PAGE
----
Best Practice for Describing an Operational Design Domain: Conceptual Framework and Lexicon

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INTRODUCTION


What is an ODD?

The Operational Design Domain (ODD) describes the conditions under which an automated driving system (ADS) operated vehicle is designed to function. The ODD could include, but is not limited to, aspects of the environmental, geography, time-of-day, and the presence or absence of certain traffic or roadway characteristics.  In order to enhance collaboration and communication between manufacturers and developers, transportation agencies, and other stakeholders, a consistent way to describe an ADS’s ODD is needed.

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INTRODUCTION


What is an ODD?

The Operational Design Domain (ODD) describes the conditions under which an automated driving system (ADS) operated vehicle is designed to function. The ODD could include, but is not limited to, aspects of the environmental, geography, time-of-day, and the presence or absence of certain traffic or roadway characteristics.  In order to enhance collaboration and communication between manufacturers and developers, transportation agencies, and other stakeholders, a consistent way to describe an ADS’s ODD is needed.


Why is a common vernacular to describe ODDs necessary?

An ADS-operated vehicle’s ODD is defined by the manufacturer based on numerous factors. Research is underway at other organizations to define and organize ODD elements into taxonomies and other relational constructs. In order to enhance collaboration and communication between manufacturers and developers and transportation agencies, common terms and consistent frameworks are needed. 

The conceptual framework presented by AVSC establishes a lexicon that can be used consistently by ADS developers and manufacturers responsible for defining their ADS ODD. A common framework and lexicon will reduce confusion, align expectations, and therefore build public trust, acceptance, and confidence.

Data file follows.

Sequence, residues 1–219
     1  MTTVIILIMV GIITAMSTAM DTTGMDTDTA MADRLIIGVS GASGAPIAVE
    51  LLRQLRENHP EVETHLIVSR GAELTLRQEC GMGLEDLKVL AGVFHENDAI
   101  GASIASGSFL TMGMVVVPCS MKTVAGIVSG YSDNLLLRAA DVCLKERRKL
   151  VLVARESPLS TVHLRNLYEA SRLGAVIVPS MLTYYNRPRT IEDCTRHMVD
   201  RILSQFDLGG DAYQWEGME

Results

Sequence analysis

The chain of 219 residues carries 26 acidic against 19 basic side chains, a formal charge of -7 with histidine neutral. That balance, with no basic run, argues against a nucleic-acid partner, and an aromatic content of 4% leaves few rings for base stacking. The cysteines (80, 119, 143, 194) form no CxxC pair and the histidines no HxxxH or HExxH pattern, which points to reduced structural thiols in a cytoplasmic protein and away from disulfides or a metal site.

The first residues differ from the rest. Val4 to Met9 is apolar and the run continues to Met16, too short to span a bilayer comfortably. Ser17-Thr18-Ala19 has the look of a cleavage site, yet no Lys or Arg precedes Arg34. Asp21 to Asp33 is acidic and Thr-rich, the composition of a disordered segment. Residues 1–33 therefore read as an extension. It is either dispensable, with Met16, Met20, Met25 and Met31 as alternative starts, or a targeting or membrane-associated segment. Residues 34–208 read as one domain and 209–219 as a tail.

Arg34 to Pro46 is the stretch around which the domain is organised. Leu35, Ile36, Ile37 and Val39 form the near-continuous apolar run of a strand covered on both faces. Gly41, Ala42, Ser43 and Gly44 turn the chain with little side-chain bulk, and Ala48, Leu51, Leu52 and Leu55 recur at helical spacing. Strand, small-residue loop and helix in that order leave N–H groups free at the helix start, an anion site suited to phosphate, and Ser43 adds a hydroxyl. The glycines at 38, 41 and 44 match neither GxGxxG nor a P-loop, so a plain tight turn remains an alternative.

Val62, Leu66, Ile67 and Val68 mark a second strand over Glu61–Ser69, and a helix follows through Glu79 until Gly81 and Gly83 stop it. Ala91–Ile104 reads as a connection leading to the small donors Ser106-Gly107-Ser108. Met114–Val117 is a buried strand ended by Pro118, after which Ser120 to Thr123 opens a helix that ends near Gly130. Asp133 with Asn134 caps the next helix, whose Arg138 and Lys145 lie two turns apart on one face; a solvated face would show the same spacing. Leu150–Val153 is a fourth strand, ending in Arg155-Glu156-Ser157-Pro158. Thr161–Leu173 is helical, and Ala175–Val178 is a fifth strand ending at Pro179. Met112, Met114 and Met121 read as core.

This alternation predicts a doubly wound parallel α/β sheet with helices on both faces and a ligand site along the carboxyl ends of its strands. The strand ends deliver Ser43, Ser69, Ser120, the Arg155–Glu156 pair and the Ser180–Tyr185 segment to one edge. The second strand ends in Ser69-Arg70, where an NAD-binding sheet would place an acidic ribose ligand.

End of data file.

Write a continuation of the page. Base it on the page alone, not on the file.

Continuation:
SCOPE


The guidance in this document is intended for:

  • The technical community (e.g. manufacturers and developers)
  • Public agencies (e.g. transportation agencies)
  • Infrastructure owner-operators
  • The public

This document, Best Practice for Describing an Operational Design Domain: Conceptual Framework and Lexicon is a critical first step. It offers a conceptual framework for manufacturers and developers to use when communicating with public agencies and the general public about their ADS’s ODD. It also details a list of potential variables with definitions that manufacturers and developers might use to describe certain aspects of the ODDs of their ADS-operated vehicles. 

It was developed with fleet-managed, SAE Level 4 vehicles in mind — i.e. vehicles requiring no human intervention to operate within their ODD.  These vehicles are NOT privately owned.


CONCEPTUAL FRAMEWORK


A bottom-up approach

The conceptual framework describes a bottom-up approach for defining an ODD that enables better understanding of conditions, roadway geometries, road users, and infrastructure. It is easily modified, and can be identified via specific, mapped routes that meet criteria. 

The section also covers methods of route identification, fixed route characterization, and identifying operational constraints.


Narrative

Through this framework, developers can formulate a narrative that allows for better communication across all stakeholders, including the public, describing where an ADS will operate, what its capabilities are, and what conditions affect it. Consistent communications increase public confidence.


LEXICON


The best practice introduces terminology and categories that can be used by manufacturers when describing an ADS’s ODD.  

  • Weather-related environmental conditions
    • Temperature
    • Precipitation types
    • Haze
    • Sky condition
    • Illuminance (Lux)
    • Sun angle
    • Wind
  • Road surface conditions
    • State of repair
    • Quality of road markings
    • Road surface obscurants
    • Roadway infrastructure
    • Road Network
    • Route Network
    • Sight Distance
    • Curbs
    • Shoulders
    • Berms
    • Surface crowning
    • Traffic control devices
    • Etc.
  • Superelevation
  • Curvature
  • Ramps
  • Intersections
  • Road Design Elements
    • Lanes
    • Mixed Use
    • Etc.
  • Operational Constraints
    • Rush Hour
    • Intended Operational Times
    • Zones
  • Road Users
  • Non-Static Roadside Objects
  • Connectivity


Note: This is an abbreviated list of terms that are explored in the full Best Practice document.


SUMMARY


By adopting the same shared terminology and definitions, operators, transportation agencies, and the general public can reach a common understanding of ADS operating conditions. The conceptual framework and lexicon introduced in this best practice is a critical first step in this effort. Follow-on research and discussion in an open forum will expand this lexicon.

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